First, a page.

There was once a women who lived by - no, in - a second-hand bookshop. She lived in the flat on the first floor and ran the shop which took up the whole of downstairs. There she sat, day after day, among the skulls and the bones of second-hand books, the stacks and shelves of them spanning the lengths and breadths of the long and narrow rooms, the piles of them swaying up, precarious like rootless towers, towards the cracked plaster of the ceiling. Though their bent or riffled or still chaste spines had been bleached by years of anonymous long-gone light, each of them had been new once, bought in a bookshop full of the shine of other new books. Now each was here, with too many possible reasons to guess at when it came to the question of how it had sunk in the bookdust which speckled the air in which the woman, on this winter's day, sat by herself, sensing all round her the weight of it, the covers shut on so many millions of pages that might never be opened to light again.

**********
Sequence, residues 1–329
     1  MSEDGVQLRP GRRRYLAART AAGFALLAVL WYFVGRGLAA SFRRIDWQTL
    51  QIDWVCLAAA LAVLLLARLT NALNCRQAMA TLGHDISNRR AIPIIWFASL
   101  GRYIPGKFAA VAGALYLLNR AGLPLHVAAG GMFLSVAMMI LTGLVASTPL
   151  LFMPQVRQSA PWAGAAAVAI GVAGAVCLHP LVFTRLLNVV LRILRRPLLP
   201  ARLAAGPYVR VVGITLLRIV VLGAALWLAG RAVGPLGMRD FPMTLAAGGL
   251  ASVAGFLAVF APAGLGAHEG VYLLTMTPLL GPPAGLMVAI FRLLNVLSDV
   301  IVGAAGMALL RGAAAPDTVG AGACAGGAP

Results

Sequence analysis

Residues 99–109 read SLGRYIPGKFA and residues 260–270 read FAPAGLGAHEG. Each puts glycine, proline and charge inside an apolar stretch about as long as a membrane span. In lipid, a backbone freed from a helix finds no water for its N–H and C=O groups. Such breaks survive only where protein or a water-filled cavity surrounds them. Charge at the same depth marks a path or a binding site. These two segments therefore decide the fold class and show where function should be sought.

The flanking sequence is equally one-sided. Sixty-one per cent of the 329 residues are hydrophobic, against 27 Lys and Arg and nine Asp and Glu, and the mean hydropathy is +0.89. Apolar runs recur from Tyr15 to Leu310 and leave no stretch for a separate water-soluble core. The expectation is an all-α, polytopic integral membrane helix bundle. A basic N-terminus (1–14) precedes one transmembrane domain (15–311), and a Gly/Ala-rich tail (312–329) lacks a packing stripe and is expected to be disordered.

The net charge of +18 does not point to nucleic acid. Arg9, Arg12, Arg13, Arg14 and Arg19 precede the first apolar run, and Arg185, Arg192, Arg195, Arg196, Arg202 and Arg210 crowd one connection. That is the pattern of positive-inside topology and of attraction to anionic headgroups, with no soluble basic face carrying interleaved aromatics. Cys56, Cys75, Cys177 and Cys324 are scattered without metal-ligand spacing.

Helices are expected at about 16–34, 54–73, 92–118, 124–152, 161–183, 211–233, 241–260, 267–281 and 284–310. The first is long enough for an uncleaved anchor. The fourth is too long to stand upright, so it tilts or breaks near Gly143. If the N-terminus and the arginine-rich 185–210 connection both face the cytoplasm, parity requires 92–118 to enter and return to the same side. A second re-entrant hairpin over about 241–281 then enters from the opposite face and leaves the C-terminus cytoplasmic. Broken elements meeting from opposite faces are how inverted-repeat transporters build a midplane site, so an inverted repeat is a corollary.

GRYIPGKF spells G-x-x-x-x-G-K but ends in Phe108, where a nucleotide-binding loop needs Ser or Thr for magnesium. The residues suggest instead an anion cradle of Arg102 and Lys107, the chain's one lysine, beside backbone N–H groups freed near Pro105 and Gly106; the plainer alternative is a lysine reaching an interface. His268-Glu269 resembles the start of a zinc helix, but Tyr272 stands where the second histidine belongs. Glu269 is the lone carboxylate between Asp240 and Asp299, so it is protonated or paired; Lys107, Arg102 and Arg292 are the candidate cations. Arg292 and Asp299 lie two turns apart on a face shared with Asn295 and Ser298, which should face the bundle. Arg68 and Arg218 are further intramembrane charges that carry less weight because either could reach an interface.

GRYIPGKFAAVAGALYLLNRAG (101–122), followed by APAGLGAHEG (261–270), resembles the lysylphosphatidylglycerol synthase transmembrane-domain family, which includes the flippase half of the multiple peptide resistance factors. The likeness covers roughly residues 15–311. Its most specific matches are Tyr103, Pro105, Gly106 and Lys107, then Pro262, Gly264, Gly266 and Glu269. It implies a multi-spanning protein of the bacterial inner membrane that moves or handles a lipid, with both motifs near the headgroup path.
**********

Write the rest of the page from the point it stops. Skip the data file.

An imaginative, if initially a little depressing, description of used books which belies the perky sense of renewal that actually fills this story, as it follows the life of a fly and the life of a book.
I have never read any Ali Smith before, but on the basis of this story and the few others I have read from this collection, I will be on the lookout for her in future. I notice she has written one the Canongate Myths series: Girl Meets Boy (a re-writing of the myth of Iphis) which is now on my wishlist.
'The Universal Story' was in the collection The Whole Story which I heartily recommend.
I am now off to refine my book cataloguing vocabulary. No more rubbed, sound, or mint for me! I shall take to using 'bent or riffled or still chaste'!